Because sleep includes being paralyzed (REM stages), evolution encourages animals to sleep together to protect from predators. Sleeping alone requires a great deal of reassurance, such as from a friendly atmosphere, favorite stuffed toy, and familiar routine that implies safety. Children could use a toy, pet, or even a sibling to feel safe. While body contact is the most reassuring, children may not return to sleep from the many normal night wakings without it. Most can be weaned from this dependence by the parent sitting by the bed silently, moving one foot closer to the door each night. A promise to “check on you” in 5 minutes also helps.

Other factors making sleep easier include avoiding caffeine, stimulating medicines, or nicotine as well as exciting games, media, or exercise within 2 hours of bedtime. A quiet, dark, cool but not damp location used only for sleeping is helpful, but not always possible. A white noise generator, fan, or radio on static can help.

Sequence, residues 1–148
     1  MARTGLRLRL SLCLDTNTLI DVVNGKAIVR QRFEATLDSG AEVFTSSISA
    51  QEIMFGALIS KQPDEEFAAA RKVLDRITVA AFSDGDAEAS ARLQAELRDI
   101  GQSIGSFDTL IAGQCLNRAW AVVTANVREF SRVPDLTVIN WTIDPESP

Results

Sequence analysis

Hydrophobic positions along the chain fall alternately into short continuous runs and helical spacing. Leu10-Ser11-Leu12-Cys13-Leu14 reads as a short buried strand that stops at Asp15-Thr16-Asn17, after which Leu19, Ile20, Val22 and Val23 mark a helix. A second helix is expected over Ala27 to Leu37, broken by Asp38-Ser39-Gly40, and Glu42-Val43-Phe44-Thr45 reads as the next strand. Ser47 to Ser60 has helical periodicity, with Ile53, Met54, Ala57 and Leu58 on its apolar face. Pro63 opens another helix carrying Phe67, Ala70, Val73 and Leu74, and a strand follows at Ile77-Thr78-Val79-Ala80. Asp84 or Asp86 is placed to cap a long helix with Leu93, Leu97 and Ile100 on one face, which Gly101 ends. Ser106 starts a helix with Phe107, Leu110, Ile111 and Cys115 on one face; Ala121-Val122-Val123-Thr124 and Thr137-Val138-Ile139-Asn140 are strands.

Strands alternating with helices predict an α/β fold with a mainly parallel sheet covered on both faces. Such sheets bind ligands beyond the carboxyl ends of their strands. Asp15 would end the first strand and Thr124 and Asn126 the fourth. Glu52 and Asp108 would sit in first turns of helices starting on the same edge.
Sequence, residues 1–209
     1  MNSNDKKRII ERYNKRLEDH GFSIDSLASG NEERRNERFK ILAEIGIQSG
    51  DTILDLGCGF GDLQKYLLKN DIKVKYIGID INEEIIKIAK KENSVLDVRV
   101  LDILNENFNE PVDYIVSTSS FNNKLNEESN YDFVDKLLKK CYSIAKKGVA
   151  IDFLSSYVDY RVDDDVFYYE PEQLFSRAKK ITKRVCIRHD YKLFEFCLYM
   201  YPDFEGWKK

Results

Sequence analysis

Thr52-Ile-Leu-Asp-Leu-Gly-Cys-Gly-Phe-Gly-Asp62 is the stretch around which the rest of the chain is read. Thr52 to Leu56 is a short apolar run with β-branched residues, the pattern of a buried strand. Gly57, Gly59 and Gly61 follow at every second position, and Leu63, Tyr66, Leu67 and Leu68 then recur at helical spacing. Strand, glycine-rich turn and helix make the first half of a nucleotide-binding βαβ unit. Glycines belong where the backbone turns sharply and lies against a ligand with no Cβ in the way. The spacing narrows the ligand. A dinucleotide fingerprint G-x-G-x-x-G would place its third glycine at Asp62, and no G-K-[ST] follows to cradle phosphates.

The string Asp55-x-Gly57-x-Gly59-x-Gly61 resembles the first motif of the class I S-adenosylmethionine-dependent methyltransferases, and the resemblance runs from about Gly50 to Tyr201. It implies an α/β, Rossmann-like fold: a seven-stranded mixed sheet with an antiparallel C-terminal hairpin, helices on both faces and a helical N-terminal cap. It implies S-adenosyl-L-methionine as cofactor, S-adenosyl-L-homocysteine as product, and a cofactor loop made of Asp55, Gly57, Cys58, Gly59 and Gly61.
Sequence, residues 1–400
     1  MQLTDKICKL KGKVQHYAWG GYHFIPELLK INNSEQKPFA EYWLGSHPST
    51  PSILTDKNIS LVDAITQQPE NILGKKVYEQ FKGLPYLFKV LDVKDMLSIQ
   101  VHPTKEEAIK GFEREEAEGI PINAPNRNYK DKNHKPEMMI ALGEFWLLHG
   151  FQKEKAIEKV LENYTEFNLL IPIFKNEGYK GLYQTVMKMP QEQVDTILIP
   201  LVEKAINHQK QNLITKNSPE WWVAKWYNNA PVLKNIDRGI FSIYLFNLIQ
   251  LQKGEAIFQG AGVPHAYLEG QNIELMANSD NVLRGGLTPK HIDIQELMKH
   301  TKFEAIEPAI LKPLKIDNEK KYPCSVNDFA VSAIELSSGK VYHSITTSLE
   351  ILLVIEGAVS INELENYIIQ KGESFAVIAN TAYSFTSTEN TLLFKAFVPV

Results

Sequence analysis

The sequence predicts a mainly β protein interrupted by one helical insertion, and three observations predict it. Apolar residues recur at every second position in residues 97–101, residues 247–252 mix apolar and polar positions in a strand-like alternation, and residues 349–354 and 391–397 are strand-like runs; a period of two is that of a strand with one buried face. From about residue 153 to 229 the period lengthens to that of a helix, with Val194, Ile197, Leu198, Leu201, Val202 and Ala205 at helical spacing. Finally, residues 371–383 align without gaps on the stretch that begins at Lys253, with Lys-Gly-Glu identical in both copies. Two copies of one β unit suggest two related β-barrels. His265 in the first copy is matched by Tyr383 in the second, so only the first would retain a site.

Many parents strangely expect their child to give up the pleasures of the day and take themselves to bed! As for other kinds of limit setting, parental company is typically needed for brushing teeth, pajamas, and a story. Ideally, it can be fun as a race or with songs, not a yelling match, which undermines the sense of safety. Setting rules about no electronics in the bedroom, even for charging, after a certain hour is often the only solution (even for adults) to the common struggle over ending media.